Tuesday, April 23, 2013

Tips for Street Safety Abroad

image courtesy of the U.S. Dept. of State
We're always on the hunt for invaluable travel resources, and one of our favorites is the travel page hosted by the U.S. Department of State.  It is a comprehensive website featuring a wealth of information for travellers, including an outstanding page boasting a wide array of safety tips for U.S. citizens travelling internationally; below is an excerpt from their page entitled A Safe Trip Abroad.  It contains a valuable list of tips for helping keep you and your family safe when exploring a foreign locale on foot! 

Safety on the Street

Use the same common sense traveling overseas that you would at home. Be especially cautious in (or avoid) areas where you may be more easily victimized. These include crowded subways, train stations, elevators, tourist sites, market places, festivals and crime-ridden neighborhoods.
    • Don't use short cuts, narrow alleys or poorly lit streets.
    • Try not to travel alone at night.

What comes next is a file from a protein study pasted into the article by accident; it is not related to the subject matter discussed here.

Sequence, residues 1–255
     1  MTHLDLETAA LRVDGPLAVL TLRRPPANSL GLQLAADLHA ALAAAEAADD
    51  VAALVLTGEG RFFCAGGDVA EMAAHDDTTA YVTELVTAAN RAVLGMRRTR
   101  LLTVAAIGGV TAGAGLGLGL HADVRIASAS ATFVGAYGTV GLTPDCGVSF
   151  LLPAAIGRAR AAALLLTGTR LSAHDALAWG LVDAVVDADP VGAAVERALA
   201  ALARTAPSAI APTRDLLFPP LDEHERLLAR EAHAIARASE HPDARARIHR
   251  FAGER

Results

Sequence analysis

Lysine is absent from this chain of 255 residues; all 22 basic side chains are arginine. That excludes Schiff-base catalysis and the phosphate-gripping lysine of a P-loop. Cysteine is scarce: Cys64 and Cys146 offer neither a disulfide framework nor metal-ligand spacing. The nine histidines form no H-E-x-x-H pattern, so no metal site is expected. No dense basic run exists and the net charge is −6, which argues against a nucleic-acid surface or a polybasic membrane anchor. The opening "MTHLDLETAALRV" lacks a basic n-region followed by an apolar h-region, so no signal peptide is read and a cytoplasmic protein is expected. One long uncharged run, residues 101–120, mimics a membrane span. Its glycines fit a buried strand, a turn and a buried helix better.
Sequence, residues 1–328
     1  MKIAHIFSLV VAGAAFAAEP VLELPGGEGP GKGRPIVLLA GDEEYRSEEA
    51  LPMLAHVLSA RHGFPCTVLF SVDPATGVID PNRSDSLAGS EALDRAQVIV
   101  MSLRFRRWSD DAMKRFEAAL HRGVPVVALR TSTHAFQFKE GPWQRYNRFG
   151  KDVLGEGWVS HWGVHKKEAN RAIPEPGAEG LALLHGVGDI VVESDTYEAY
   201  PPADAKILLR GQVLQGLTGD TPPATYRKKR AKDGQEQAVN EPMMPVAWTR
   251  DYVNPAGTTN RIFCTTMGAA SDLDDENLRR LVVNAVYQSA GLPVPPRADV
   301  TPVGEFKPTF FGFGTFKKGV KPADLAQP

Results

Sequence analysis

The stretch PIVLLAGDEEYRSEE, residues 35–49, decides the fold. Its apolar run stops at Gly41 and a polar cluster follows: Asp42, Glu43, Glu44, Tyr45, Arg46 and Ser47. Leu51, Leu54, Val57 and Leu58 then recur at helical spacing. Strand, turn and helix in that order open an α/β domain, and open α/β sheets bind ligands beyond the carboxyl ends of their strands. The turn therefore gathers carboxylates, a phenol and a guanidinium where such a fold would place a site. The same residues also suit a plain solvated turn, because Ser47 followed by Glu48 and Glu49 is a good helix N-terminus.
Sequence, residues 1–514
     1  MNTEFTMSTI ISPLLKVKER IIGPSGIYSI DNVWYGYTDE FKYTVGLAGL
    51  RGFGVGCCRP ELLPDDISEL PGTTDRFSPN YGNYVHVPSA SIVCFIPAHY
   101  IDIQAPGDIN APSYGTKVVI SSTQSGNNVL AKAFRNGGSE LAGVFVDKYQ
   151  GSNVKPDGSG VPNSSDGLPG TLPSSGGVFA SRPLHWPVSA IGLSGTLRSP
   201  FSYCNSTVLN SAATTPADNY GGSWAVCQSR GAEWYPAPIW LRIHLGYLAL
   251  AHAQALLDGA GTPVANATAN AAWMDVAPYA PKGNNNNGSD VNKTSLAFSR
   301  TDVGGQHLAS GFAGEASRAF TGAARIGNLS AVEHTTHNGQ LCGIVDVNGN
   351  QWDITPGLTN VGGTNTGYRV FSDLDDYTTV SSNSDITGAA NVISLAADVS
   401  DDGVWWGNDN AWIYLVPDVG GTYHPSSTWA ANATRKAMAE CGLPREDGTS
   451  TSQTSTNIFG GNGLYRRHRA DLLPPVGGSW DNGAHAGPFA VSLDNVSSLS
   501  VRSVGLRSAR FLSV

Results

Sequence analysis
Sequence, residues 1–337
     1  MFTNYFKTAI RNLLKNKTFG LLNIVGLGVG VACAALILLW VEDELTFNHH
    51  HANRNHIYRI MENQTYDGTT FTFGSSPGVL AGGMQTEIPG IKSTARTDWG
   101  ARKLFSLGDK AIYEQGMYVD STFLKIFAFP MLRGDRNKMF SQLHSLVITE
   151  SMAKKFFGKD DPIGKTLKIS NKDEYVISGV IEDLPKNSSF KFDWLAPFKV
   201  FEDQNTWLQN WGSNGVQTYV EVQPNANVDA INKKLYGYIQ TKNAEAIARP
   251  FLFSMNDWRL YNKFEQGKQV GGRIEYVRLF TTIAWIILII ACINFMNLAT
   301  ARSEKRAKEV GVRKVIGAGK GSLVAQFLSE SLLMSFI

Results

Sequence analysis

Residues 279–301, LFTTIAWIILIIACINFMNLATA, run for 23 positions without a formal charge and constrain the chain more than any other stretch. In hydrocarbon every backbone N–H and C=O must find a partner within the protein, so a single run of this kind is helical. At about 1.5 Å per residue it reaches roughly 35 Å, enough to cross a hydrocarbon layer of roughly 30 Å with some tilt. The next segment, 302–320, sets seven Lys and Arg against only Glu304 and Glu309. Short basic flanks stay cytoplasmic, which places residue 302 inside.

• Avoid public demonstrations and other civil disturbances.
    • Keep a low profile and avoid loud conversations or arguments.
    • Do not discuss travel plans or other personal matters with strangers.
    • Avoid scam artists by being wary of strangers who approach you and offer to be your guide or sell you something at bargain prices.
    • Beware of pickpockets. They often have an accomplice who will:
      • jostle you,
      • ask you for directions or the time,
      • point to something spilled on your clothing,
      • distract you by creating a disturbance.
    • Beware of groups of vagrant children who could create a distraction to pick your pocket.
    • Wear the shoulder strap of your bag across your chest and walk with the bag away from the curb to avoid drive-by purse-snatchers.
    • Try to seem purposeful when you move about. Even if you are lost, act as if you know where you are going. Try to ask for directions only from individuals in authority.
    • Know how to use a pay telephone and have the proper change or token on hand.
    • Learn a few phrases in the local language or have them handy in written form so that you can signal your need for police or medical help.
    • Make a note of emergency telephone numbers you may need: police, fire, your hotel, and the nearest U.S. embassy or consulate.
    • If you are confronted, don't fight back -- give up your valuables.


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